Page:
The ABC's Of A-Listers

I’ve heard it too many times to count: As I look for celebrities to help promote a brand’s campaign, my client tells me, “We want an A-lister.” My heart always sinks a little—not because I disagree with the request or because the job is too difficult (although, come on, of course it’s difficult!), but because…what does it mean? An A-lister according to whom? By what standard?

I’m sure if I asked 10 people to name celebrities they consider A-listers, a few names would show up on everyone’s list: George Clooney. Angelina Jolie and Brad Pitt. Michelle Obama. Um, Leonardo DiCaprio? Sandra Bullock? Denzel Washington?

I’ve probably already inspired disagreement. And here’s a question: Are the Kardashians A-listers? Does infamous = A-list? Or do you have to be actually talented to reach that status?

I put these questions to some friends of mine who’ve observed what Joni Mitchell called “the star-maker machinery” for many years: What makes someone an A-lister? Is it the quality of his talent? The amount of money she’s made? The number of followers on social media? Their box-office bankability? Here are some of their thoughts—then I’d love to get yours. 

Susan King, who wrote about entertainment for the Los Angeles Times for more than 25 years, says, “To me, an A-lister has a proven track record with audiences and also with critics. And his or her career is so strong that their careers can withstand a flop or two.” Okay, I’d put Meryl Streep, Morgan Freeman, Julia Roberts, Halle Berry, and Matt Damon in that group.

Mark Rosch, former vice president of PR for E! Entertainment Television, says, “Today, I think an ‘A-lister’ is defined by exposure in any medium—TV, print, Internet, it almost doesn't make a difference. You can even manufacture it yourself; after all, ‘YouTube Celebrity’ is a badge many wear proudly (although to me, that sounds like the mid-’80s rationalization you'd hear from struggling bands up and down the Sunset Strip: ‘Yeah, but we're big in Japan’). So ‘A-Lister’ and ‘celebrity’ are pretty much synonymous. A star, however, is a different animal.”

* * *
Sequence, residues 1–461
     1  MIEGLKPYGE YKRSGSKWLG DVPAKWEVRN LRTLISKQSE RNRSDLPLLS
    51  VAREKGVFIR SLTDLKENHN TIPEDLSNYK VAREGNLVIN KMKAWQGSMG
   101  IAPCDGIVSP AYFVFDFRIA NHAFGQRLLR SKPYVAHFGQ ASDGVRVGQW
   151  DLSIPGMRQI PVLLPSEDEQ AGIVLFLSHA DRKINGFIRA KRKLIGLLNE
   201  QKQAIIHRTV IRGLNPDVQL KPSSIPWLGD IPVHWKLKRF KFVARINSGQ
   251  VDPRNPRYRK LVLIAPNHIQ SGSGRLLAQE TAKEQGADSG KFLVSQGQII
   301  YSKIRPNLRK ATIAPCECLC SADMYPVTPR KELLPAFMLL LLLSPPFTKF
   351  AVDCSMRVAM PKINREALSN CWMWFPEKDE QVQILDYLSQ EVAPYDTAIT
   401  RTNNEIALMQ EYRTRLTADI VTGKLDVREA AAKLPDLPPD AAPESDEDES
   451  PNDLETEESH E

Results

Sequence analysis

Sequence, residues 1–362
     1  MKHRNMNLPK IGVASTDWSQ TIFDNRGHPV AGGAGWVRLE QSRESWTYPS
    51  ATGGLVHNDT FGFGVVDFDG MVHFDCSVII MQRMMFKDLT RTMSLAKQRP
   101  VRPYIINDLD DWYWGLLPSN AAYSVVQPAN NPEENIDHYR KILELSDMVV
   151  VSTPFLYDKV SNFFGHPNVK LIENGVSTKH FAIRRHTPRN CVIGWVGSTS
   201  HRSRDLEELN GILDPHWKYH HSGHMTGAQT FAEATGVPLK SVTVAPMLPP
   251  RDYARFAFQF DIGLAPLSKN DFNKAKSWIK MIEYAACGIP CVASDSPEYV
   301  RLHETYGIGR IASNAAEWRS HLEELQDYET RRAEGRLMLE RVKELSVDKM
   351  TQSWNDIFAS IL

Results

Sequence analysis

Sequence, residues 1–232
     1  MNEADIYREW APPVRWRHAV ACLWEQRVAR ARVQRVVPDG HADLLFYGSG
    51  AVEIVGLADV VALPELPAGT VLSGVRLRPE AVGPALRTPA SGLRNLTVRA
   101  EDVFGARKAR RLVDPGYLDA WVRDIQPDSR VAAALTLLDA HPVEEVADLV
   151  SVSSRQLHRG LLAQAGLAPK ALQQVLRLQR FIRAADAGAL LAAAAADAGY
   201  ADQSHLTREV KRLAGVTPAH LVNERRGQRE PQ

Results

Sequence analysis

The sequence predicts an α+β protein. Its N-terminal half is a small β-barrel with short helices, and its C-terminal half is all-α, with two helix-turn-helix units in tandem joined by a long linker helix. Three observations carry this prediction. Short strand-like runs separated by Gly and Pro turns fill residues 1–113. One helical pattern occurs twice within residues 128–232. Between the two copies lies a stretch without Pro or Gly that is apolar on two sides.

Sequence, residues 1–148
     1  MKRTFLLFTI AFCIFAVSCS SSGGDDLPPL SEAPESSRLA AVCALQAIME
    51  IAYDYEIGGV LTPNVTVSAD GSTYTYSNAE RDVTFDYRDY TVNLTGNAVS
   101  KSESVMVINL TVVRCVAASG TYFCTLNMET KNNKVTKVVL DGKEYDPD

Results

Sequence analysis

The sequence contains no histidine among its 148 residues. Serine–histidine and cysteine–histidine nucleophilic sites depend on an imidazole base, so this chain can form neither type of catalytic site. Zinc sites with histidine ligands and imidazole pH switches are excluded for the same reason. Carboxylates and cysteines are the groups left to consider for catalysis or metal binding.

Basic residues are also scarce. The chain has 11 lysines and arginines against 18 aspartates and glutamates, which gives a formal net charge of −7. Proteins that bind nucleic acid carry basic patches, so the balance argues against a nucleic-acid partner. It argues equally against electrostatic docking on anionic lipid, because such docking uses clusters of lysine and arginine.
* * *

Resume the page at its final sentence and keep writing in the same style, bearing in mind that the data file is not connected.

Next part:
So then, the Kardashians would be A-listers, along with Kanye West, Donald Trump, and all those youngsters with millions of followings on Vine and Snapchat, even if I’ve never heard their names.

Yet, Hollywood journalist Ray Richmond says, “An A-lister is almost more of an attitude than a level. You can be an A-lister and not necessarily command the highest salary, the most ink, the greatest presence on social media. An A-lister is a star, celebrity, or media figure who has withstood the test of time. I don’t think anyone fresh on the scene can accurately be termed an A-lister. It’s someone who has at least a few years and projects under their belt and a real track record. They also have to be accessible to a certain degree and understand that they are only as good as their last project and public image.

“This isn’t to say that all A-listers are good, intelligent, substantive people,” Richmond continues. “But a true A-lister is most often inclusive and humble. Someone who is successful without first paying their dues is an A-lister with a B-lister future. And jerks are often destined to have a tragically short A-list stay.” 

So swimmer Ryan Lochte may have been on the A-list during the Olympics, fallen off the list with his post-Olympics gas station shenanigans, but have the chance to reclaim his position after his stint on next season’s Dancing With the Stars? Anything’s possible!

I’m not sure all of this has resolved the challenge I have with my client—after all, A-list status is obviously subjective. So what do you think? Fame, talent, notoriety, famous-because-they’re-famous…what are the over-riding factors that put someone on the A-list? Please share your thoughts in the comments. They may even help me with my next project!

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